#2 - Link Roundup, Feb 7 2020
The Subtle Signs Your Team Is in Trouble - Rachel Muenz, Laboratory Manager
An older article that Laboratory Manager sent around on twitter this week. It’s written in the context of laboratories, but carries over very clearly to research computing teams. They mention two opposite signs to look out for:
Lack of conflict/disagreement - I think this is a great one, and easy to overlook. If you have a bunch of technical people in a room and there isn’t some steady level of (healthy, respectful) disagreement about how to proceed, then either people are checked out or they don’t feel like they can voice their opinions. Myself, I try to run tight meetings, which is fine, but I find that unless I’m really careful I can easily make people feel like they should keep disagreements or other “speaking out of turn” to themselves.
Escalation to open conflict - whether just a learned behaviour or because disagreement has been felt to be tamped down so firmly, when disagreement does happen does it spin out of control? This is more obvious but still has to be dealt with, and quickly.
In both cases the solutions are the same - do lots of constant listening (e.g., through one-on-ones but also just generally) and give lots of feedback (positive and negative; positive for any input even if disagreeing, and positive for doing so constructively while negative for doing so otherwise).
Tracking Toil using SRE principles - Eric Harvieux, Google Cloud Blog
Writing Runbook Documentation when you’re an SRE - Taylor Barnett, Transposit
“Toil is the kind of work that tends to be manual, repetitive, automatable, tactical, devoid of enduring value, and that scales linearly as a service grows.”
These two articles came out in the same week, and they work very nicely together. One of the under-appreciated advantages commercial cloud organizations (or other large operations) have at scale isn’t about hardware - it’s that they have better awareness of how much stuff that gets done is repetitive across teams, and they put the resources in to ensuring those things get done smoothly.
Technical teams tend to hate documenting, but identifying these repetitive “toil” tasks and documenting what’s involved in getting them done in a “runbook” has three really important benefits:
It makes sure the tasks are done reliably in reproducible ways
It makes it much easier to onboard new people to the team or transfer responsibility for these tasks to someone else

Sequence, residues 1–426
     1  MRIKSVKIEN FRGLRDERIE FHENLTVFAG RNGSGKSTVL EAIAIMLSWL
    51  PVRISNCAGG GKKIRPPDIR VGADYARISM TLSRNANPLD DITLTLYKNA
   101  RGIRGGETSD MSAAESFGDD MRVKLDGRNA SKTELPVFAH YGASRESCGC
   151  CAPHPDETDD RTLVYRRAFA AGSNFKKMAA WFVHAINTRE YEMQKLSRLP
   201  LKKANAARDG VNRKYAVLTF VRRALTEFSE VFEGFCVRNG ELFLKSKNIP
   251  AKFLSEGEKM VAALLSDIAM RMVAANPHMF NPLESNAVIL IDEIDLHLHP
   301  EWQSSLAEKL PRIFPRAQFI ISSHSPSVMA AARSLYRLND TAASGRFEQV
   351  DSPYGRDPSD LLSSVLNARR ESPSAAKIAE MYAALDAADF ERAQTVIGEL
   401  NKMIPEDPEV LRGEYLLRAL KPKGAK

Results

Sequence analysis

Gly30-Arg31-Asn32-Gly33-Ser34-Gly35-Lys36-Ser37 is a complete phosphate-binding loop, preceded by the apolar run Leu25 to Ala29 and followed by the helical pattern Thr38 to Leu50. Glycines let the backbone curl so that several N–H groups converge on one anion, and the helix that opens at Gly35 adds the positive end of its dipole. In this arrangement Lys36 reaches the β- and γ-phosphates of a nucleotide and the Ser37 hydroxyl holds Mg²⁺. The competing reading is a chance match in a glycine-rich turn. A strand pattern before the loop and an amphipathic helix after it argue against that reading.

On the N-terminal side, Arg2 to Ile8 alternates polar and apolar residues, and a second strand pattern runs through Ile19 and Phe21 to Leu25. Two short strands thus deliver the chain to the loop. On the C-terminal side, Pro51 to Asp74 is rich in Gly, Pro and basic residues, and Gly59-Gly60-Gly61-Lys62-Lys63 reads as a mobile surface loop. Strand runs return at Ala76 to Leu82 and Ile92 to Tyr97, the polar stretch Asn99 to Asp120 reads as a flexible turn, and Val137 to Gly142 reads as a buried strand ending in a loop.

It is the first step in automating the task to make them easier to do, or ideally to have them done completely automatically.
Are there things that have to routinely get done in your team that aren’t documented clearly in (kept-up-to-date) runbooks? Would things be easier if there were fewer such tasks?
And related to this; here’s a list of “flight rules” (e.g., very short runbooks) for common nontrivial tasks in git.
I talked last week about Andy Grove’s book High Output Management, which is aimed at management and in particular senior management in technical organizations; this article talks about lessons from the book for those still in the trenches, as technical leads (but not managers).
A Chaos Test Too Far - Kathryn Downes & Arjun Gadhia, Financial Times
I’m a big fan of “chaos testing” (or, arguably more appropriate for a lot of research computing work, Slack’s “disasterpiece theatre”) for testing the hypotheses that “our system is robust to [bad thing]”; the software equivalent is probably fuzzing. We know stuff is going to break, usually at the least opportune time; systems crash, users or operators enter invalid information… best to test it in a controlled manner.
So in fairness I should probably post examples of it going - or nearly going - horribly wrong, like this one. I’d still argue though that the series of events they tested here would almost certainly have happened eventually; far better that it happen with all hands on deck when they were primed to respond rather than towards the end of the day on a lazy Friday afternoon when people were already heading home.
Are you tired of your desktop’s file system working too well to be able to do good robustness testing of software? Want to mess with a process’s view of system time? Want stderr output always colorized so you can tell the difference from stdout? Check out this list of ld-preload hacks.